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CMS Regarding Fire Safety Requirements

December 21, 2001

Thomas A. Scully
Centers for Medicare & Medicaid Services
Department of Health and Human Services
Attention: CMS-1159-P
P.O. Box 8017
Baltimore, MD 21244-8017

Re: CMS-3047-P Medicare and Medicaid Programs; Fire Safety Requirements for Certain Healthcare Facilities

Dear Administrator Scully:

On behalf of the American Urological Association (AUA), representing 10,000 urologists in the United States, I am pleased to submit comments on the proposed changes to require all hospitals, long-term care facilities, ambulatory surgery centers (ASCs) and other Medicare-certified facilities to meet the provisions of the 2000 edition of the National Fire Protection Association's Life Safety Code ("LSC"). This issue is important to many urologists who have ownership interests and/or perform surgical procedures in ambulatory surgical centers throughout the United States.

The Centers for Medicare and Medicaid Services (CMS) is to be commended for its ongoing effort to promote patient safety in every environment where health care services are delivered. The AUA shares this deep concern for the safety of patients and employees in ASCs and we recognize the efforts of CMS and its predecessor HCFA over the past several years toward this goal.

As you know, the proposed regulations would require all ASCs to meet the provisions applicable to "ambulatory health care centers", in addition to rules of general applicability. Under the proposed rule, facilities would be required to adopt the 2000 edition of the Life Safety Code (LSC) as a standard. According to the October 26, 2001 Federal Register, ASCs have been previously required to meet the 1981 or 1985 edition of LSC, unless they were JCAHO accredited, in which case they were required to meet the 1997 edition. There would be no grandfathering of existing facilities. Some requirements of the 2000 edition of the LSC are substantially different from earlier editions. Among the new requirements that facilities would have to meet are the following:

These proposed rules, if finalized as drafted, could require devastating retrofit expenditures for ASCs as well as other providers. The following example was provided me by one of our members who is owner of an ASC:

"I looked into getting sprinklers in certain areas of the building and the cost estimate there alone was in excess of $30,000.00, not including the need for a separate water meter for the fire system. This cost, coupled with the other required changes such as the corridor walls would be staggering. We have a 13,000 square foot facility that would have to be renovated. I feel that older structures which follow the older regulations need to be brought up to speed but newer buildings, following more up to date regulations and construction should be assessed on a individual basis."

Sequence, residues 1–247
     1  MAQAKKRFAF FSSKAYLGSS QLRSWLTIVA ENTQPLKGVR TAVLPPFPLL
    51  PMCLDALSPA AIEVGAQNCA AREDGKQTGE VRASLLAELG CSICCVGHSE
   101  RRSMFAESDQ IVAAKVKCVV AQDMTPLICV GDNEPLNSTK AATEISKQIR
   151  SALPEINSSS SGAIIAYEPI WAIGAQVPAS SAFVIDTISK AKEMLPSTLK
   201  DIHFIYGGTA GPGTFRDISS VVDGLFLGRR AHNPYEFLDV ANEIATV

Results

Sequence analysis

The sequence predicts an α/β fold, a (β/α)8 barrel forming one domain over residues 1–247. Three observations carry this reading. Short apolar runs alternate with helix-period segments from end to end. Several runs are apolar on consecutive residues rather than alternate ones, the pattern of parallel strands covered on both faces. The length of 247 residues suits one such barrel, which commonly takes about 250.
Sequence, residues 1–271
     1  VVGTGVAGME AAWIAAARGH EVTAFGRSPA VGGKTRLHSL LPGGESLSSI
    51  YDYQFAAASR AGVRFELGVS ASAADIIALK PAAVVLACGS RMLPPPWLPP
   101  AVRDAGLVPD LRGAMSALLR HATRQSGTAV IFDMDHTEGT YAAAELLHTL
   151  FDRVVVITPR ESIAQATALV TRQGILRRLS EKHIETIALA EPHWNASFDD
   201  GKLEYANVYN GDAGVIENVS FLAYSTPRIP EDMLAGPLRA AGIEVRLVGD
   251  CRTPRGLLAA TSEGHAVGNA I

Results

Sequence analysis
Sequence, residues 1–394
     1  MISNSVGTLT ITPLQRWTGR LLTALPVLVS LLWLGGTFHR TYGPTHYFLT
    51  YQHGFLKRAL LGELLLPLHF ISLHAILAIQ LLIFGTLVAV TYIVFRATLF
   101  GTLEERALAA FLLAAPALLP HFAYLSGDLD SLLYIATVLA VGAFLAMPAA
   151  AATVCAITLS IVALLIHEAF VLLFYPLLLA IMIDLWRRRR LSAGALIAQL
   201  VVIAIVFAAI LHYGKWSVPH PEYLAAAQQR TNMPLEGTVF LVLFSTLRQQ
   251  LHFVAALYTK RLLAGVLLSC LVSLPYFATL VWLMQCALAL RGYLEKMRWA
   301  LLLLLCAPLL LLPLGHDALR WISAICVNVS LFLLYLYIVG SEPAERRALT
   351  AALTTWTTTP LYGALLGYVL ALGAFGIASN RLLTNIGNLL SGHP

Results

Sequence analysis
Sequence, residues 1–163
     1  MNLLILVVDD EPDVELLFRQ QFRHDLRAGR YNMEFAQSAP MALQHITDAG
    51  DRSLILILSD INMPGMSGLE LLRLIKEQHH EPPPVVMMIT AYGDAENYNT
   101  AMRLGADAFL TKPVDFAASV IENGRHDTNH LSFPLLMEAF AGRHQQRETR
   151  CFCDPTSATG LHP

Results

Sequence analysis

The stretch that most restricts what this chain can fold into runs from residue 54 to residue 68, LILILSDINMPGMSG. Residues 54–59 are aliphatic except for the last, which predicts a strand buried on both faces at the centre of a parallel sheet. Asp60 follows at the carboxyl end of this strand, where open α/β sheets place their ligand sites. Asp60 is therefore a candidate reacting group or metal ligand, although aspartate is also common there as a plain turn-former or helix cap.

We urge CMS to modify these proposed rules to allow that existing facilities would not be required to comply with the 2000 LSC standards unless and until renovations were undertaken that would be budgeted in excess of $100,000 in a calendar year. At this level of expenditure, financing opportunities could be available to cover these expensive upgrades to a small facility to comply with the latest version of the LSC, and renovations of this magnitude would normally be expected to disrupt the provision of services in an active facility anyway. To allow the rules to become final without such a grandfathering provision will pose an enormous financial burden on small facilities that provide extremely valuable services to patients in their respective communities. These smaller facilities would be forced to make these investments with little hope of the future recovery of these capital expenditures.

As an alternative, we suggest that CMS add specific waivers or exceptions to the cost prohibitive requirements listed above for ASCs as a special class of covered facility. Since ASCs do not typically perform procedures of the risk or duration of hospital-based procedures, the risks that the improved standards were designed to reduce are not present.

We remain willing to work with CMS in arriving at a solution to the quandary that where patient safety issues are concerned, one size does not fit all.


E. Darracott Vaughan Jr., MD
American Urological Association


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